Asbestosis is a serious lung disease that develops in people who have been exposed to asbestos for a long time. 

What is asbestosis?
What are the causes of asbestosis?
What are the symptoms of asbestosis?
What are the possible tests to diagnose asbestosis?
What are the possible procedures and treatments for asbestosis?
What is the future plan if you have asbestosis?

What is asbestosis?

Asbestosis is scarring of the inside of the lungs. It occurs from breathing in asbestos dust.

Being resistant to heat, fire and electricity, asbestos was ideal for use in building, construction and insulation. Asbestos was widely used in Australia from around 1940 to 1987. It was mined in Western Australia and NSW.

There are different types of asbestos – some types are more toxic than others. Blue asbestos (or crocidolite) is most dangerous.

All types of asbestos have been classified as cancer-producing. As a result, asbestos is now banned nation-wide.

Asbestos contains microscopic fibres that enter the air. These fibres are released when the asbestos or asbestos-containing material is cut or ground.

People working with asbestos can inhale these fibres. Inhaled fibres get trapped in the lungs, eventually causing scarring and stiffening. The more fibres you inhale, the worse your condition gets.

Asbestosis is not the same as:

  • pleural plaques
  • the cancer which can develop from asbestos exposure, mesothelioma.

What are the causes of asbestosis?

Asbestosis is caused by long-term exposure to asbestos. Usually, people need to inhale asbestos over many years. Still, even a small amount of exposure to asbestos is not safe.

People who are at risk of asbestosis are:

  • Asbestos miners
  • Builders who have worked with asbestos – especially those involved in fire-proofing, pipe lagging, insulation, roofing
  • Relatives of asbestos workers – people can be exposed to asbestos through coming into contact with asbestos brought home e.g. wives washing overalls
  • Shipyard, wharf and power station workers.

What are the symptoms of asbestosis?

Asbestosis causes breathing-related symptoms, such as:

  • Breathlessness that gets worse over time
  • Crackling sounds when breathing
  • Dry cough
  • Fast, shallow breathing
  • Loss of appetite
  • Swelling or ‘clubbing’ at the end of the fingers
  • Weight loss.

Symptoms usually appear 10-20 years after exposure. This is called the “latency period”.

Asbestosis is linked to a high risk of developing lung cancer and mesothelioma. If you have been exposed to asbestos, you should quit smoking (phone 13QUIT to get started).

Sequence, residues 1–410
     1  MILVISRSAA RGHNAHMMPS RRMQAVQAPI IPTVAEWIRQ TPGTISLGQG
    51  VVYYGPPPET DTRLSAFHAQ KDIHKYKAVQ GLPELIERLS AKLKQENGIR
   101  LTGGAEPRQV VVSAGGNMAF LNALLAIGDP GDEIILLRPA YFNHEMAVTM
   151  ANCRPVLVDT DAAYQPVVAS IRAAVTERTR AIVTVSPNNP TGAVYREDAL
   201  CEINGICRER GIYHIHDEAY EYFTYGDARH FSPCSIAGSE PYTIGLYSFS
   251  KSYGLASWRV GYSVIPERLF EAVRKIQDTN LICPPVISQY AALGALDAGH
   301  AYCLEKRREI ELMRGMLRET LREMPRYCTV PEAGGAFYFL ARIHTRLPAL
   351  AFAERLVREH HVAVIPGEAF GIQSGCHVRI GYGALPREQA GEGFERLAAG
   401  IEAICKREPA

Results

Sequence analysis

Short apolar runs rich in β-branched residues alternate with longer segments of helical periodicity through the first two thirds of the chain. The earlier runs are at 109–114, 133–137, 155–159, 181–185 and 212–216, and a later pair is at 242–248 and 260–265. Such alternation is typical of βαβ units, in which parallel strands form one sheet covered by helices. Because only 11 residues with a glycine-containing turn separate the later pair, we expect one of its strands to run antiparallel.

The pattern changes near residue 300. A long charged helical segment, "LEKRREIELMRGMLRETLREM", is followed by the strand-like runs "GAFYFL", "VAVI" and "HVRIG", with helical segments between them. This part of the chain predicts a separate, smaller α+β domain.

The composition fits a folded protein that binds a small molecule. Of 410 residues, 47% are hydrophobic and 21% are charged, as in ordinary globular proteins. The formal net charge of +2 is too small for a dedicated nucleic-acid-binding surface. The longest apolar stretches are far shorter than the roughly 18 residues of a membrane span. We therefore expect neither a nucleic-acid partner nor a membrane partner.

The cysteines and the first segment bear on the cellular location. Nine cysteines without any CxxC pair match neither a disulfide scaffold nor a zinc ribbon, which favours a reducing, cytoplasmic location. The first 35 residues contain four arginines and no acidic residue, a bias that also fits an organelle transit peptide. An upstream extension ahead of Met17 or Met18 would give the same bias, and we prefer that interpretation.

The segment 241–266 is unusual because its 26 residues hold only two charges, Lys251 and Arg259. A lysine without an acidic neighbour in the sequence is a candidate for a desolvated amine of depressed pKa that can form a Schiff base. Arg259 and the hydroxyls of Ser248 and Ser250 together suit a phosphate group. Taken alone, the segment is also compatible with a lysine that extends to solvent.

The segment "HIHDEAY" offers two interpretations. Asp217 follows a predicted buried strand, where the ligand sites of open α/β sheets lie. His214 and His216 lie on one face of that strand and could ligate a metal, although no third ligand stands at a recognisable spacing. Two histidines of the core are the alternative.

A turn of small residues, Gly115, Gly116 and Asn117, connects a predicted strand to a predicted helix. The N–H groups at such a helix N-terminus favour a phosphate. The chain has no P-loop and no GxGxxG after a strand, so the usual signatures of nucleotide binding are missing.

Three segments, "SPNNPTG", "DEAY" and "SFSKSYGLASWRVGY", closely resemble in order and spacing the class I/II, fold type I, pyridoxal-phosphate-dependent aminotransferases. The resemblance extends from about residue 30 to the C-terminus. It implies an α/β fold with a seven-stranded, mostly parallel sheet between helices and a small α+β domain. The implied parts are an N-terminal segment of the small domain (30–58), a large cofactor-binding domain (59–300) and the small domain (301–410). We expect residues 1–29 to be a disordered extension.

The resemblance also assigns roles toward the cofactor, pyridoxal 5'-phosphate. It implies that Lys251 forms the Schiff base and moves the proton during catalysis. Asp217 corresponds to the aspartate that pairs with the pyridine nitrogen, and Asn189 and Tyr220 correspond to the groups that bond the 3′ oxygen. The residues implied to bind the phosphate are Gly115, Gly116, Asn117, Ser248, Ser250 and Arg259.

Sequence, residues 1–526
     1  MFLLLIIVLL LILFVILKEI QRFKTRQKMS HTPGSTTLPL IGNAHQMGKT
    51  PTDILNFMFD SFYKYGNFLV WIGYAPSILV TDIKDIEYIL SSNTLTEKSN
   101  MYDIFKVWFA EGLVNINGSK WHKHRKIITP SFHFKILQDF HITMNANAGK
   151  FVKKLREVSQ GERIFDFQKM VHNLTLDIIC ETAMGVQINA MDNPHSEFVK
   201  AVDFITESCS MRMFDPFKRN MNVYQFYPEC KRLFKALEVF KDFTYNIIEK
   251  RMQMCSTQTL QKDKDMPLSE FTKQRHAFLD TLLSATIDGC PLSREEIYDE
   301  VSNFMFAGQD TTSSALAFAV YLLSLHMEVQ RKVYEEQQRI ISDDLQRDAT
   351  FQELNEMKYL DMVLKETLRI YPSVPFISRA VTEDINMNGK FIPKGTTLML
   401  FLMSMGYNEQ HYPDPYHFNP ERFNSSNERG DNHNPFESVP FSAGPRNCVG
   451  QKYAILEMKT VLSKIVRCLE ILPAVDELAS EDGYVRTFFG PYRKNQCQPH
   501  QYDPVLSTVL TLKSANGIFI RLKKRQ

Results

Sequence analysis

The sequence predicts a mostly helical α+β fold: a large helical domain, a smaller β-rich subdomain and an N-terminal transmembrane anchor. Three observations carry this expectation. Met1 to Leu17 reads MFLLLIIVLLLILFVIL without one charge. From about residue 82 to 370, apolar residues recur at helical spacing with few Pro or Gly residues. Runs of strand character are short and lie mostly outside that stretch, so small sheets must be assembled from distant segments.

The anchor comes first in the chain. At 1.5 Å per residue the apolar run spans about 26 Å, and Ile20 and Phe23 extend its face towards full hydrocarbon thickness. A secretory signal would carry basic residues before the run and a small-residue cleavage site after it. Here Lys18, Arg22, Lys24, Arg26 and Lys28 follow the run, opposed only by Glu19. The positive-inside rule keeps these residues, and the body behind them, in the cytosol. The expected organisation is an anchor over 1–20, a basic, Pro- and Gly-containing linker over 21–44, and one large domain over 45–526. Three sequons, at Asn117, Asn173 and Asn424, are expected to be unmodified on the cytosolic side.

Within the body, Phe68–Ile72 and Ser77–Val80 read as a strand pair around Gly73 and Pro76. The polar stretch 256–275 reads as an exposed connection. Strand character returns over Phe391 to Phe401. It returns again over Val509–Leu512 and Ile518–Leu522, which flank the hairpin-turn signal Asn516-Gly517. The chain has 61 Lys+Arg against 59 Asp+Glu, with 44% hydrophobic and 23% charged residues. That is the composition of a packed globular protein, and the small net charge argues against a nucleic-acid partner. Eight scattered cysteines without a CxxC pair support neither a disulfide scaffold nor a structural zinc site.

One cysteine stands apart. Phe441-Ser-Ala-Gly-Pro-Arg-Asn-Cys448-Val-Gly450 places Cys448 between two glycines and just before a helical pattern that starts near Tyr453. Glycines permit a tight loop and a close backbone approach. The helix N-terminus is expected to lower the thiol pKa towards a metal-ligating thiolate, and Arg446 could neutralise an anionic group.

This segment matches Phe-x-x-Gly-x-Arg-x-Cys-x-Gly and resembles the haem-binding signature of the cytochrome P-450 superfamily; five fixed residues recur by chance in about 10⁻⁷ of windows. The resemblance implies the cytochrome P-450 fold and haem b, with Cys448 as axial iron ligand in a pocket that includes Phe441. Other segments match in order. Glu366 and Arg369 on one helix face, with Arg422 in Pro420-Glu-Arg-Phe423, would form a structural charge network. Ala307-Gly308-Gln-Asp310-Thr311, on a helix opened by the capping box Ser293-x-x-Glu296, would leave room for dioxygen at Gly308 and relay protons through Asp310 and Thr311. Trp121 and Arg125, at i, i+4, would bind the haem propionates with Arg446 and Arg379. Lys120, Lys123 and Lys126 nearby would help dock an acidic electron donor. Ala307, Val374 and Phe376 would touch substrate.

What are the possible tests used to diagnose asbestosis?

Asbestosis causes symptoms that are common to other types of lung disease. To diagnose asbestosis, your doctor will:

  • Examine your breathing – to listen for signs of asbestosis, such as crackling in the lower lungs
  • Order lung function tests, such as spirometry and lung volumes – these tests can also help to rule out other types of lung diseases, like asthma
  • Schedule a chest X-ray – an X-ray can show if there is scarring on the lungs and identify other signs of asbestosis
  • Schedule a chest CT – a CT scan can show asbestosis with better detection than a chest X-ray
  • Talk to you about your work – to determine if you were at risk of asbestos exposure.

What are the possible procedures and treatments for asbestosis?

While asbestosis can’t be ‘cured’, there are treatments to help you breathe better and slow the disease progression.

Common treatments for asbestosis include:

  • Lifestyle changes – eating a healthy diet, exercising regularly and drinking plenty of water helps you stay fit and health
  • Medication – some medications can open the airways and help you breathe better
  • New drug treatments – new treatments using anti-fibrotic agents are being developed
  • Oxygen – oxygen therapy helps you to breathe better and gets more air into your lungs
  • Pain relief – your doctor may prescribe pain relief to help you manage your symptoms
  • Quit Smoking – smoking can make your disease worse and cause other lung problems, including lung cancer, so phone 13QUIT to get started
  • Surgery – your doctor may suggest surgery if you have complications or severe symptoms.

What is the future plan if you have asbestosis?

If you have asbestosis, your future plan will focus on maintaining a good quality of life, improving your symptoms and slowing the disease progression.

Your doctor will develop a personalised treatment program for you, including steps such as:

  • Avoiding asbestos – immediately refrain from any further exposure to asbestos
  • Eating a healthy diet – eat plenty of fresh fruits and vegetables, and drink several glasses of water each day
  • Exercise – move regularly, and exercise if you feel strong enough
  • Joining a support group – you’re not alone, and community support can help you stay healthy and stick to your treatment plan
  • Medication or oxygen therapy – you may need extra breathing support, as suggested by your doctor
  • Pulmonary rehabilitation – join a dedicated lung health exercise program, designed for people with various types of lung disease
  • Regular vaccinations – the annual flu vaccination will help to keep your lungs healthy
  • Sleep – aim for eight hours of sleep each night, and rest appropriately during the day
  • Washing your hands regularly - prevent spreading colds and flu.

By following your treatment plan and taking active steps to stay healthy, you can improve your symptoms and maintain a good quality of life.

If you have any questions about your condition or treatment options, contact your doctor or medical team. The Bernie Banton Foundation also offers advice.